Ask family members, ask friends both online and off, ask your roommate’s cousin’s friend’s aunt who runs a book club.  Ask your little sister to post a link on her Facebook page where her 900 friends will see it. Ask your Twitter and blog followers to help spread the word.

The worst anyone can say is no, and you won’t get far without those who say yes. It takes time and a lot of work to gain a following, and every link, mention, and review will help you gain credibility as an author. If you’re not comfortable with the idea of putting yourself out there in a big way, self-publishing probably isn’t for you.

Now that I’ve got you good and scared, go forth and publish! The traditional publishing industry will never die. You won’t hear me making any clichéd statements about new frontiers and waves of the future in regard to self-publishing online. But it’s definitely an exciting new way for creative people to share their stories.

If you think it might work for you, you have almost nothing to lose by giving it a try, and I, for one, can’t wait to read your book.

Have any of you self-published? If you have, please do us a solid and leave your best tips in the comments!

P.S. 5 super easy ways to improve your writing + How to DIY a super cheap, super effective writing retreat

photos by Gaelle Marcel and Eli Francis // cc

7 Comments

Belly B

Wow that is really informative. I've thought of self-publishing before but I had no idea that you could do it this way! Thanks for sharing 🙂

<3 Belly B

Reply
Han

I've been trying to edit my NanoWriMo novel into something that other people might like to read – I'm thinking self publish is going to be the best option when I get to that point. Thanks for this post it's helpful 🙂

Reply
Tish

Oh you are an angel sent from publishing heaven! I'm about to start partying in the world of self-publishing and this was a HUGE help.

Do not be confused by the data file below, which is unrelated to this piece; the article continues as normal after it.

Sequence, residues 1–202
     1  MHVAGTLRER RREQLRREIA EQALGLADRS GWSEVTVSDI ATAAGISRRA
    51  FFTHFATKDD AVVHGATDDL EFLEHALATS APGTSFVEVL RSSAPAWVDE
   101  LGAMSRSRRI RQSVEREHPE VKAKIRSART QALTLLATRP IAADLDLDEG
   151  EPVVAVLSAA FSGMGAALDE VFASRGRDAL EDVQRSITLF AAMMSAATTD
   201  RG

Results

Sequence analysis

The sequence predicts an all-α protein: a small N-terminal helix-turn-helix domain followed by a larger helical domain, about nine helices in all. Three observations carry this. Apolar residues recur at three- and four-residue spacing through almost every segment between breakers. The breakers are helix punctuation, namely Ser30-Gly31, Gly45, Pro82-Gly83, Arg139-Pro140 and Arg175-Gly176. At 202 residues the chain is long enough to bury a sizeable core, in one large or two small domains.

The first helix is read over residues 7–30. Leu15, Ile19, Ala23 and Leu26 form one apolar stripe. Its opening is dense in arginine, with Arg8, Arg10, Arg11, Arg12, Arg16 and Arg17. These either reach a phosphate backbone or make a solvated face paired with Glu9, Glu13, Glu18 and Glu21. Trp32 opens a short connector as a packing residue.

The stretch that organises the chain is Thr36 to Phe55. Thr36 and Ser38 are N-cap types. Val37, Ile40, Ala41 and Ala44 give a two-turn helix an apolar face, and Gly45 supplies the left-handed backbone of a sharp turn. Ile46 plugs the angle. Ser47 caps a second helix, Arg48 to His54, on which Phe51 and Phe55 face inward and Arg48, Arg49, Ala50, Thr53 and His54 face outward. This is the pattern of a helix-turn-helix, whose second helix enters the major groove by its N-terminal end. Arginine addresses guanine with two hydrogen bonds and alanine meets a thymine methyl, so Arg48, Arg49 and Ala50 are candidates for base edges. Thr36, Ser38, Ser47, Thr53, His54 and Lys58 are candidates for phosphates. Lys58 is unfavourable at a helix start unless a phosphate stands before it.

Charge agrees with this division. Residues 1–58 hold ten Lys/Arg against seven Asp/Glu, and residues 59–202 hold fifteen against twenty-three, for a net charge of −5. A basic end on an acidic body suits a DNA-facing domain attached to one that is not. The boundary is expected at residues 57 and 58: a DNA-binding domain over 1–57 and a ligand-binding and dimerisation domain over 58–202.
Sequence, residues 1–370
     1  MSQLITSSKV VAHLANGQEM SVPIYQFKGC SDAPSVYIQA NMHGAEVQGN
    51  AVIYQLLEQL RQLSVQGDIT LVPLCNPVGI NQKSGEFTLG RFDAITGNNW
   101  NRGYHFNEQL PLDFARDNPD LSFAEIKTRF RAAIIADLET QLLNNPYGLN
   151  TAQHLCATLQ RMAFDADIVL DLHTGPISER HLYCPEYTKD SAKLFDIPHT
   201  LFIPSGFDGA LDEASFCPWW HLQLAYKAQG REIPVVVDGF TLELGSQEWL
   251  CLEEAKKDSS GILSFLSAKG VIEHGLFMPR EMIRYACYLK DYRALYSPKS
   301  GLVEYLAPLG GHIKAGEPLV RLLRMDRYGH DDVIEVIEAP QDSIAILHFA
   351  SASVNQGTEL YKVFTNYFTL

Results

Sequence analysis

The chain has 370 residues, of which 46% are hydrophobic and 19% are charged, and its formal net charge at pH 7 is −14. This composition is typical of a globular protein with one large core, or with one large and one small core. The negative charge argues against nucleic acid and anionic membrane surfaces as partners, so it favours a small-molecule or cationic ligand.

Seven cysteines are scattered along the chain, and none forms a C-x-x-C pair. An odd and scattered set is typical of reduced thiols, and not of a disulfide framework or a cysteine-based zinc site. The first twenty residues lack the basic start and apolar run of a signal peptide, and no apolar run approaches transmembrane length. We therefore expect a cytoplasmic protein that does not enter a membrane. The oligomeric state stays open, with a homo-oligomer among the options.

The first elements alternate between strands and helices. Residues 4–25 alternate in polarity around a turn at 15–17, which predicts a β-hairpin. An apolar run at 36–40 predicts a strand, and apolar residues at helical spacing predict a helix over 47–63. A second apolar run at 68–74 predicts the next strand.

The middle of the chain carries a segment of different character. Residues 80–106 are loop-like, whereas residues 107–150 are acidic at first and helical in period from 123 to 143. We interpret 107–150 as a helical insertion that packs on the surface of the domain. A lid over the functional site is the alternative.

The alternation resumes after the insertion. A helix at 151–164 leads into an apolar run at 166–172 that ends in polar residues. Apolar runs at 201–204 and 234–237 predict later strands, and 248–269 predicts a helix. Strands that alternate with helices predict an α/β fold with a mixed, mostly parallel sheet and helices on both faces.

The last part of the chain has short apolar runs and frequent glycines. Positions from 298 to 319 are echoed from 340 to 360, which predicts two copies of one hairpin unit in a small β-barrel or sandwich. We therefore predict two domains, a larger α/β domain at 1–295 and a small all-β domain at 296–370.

Thank you!!!

Also, your book sounds amazing. Guess who's going to go to Amazon and buy a copy 😉 Good to support fellow writing gurus.

Reply
Michelle

Be careful about self-publishing. Working in the publishing industry, I can tell you that most large publishing companies are very, very, very wary of self-publishing agencies and anyone who uses them. I'm not trying to discourage anyone – it's possible to make self-publishing work for you, but if you ever intend to publishing through an actual publishing house, it will be very, very difficult to do so. (I say this from the personal experience of family members, as well as the experience of several of my peers.)

XO Michelle

Reply
Kelly

Many people are talking about Lithasa ! what is it? http://www.lithasa.com .
I've see that some where a guy said that he liked the design. I myself went to the website and it is simple but good.
But I would like to know is it perfect for new authors and upcoming authors?
They do have a separate publishing model.

Reply
Sarah Bamford Seidelmann

Love your blog!!! I’m in MN – where have I been and not seen you??:). I self pubbed in 2011- I hired a pro designer and that first book led to an agent and book deal! It was hard work and I’m so proud of what I made. People told me I wasn’t ready- I needed to be an expert or get more chops- nope you get chops by making stuff:)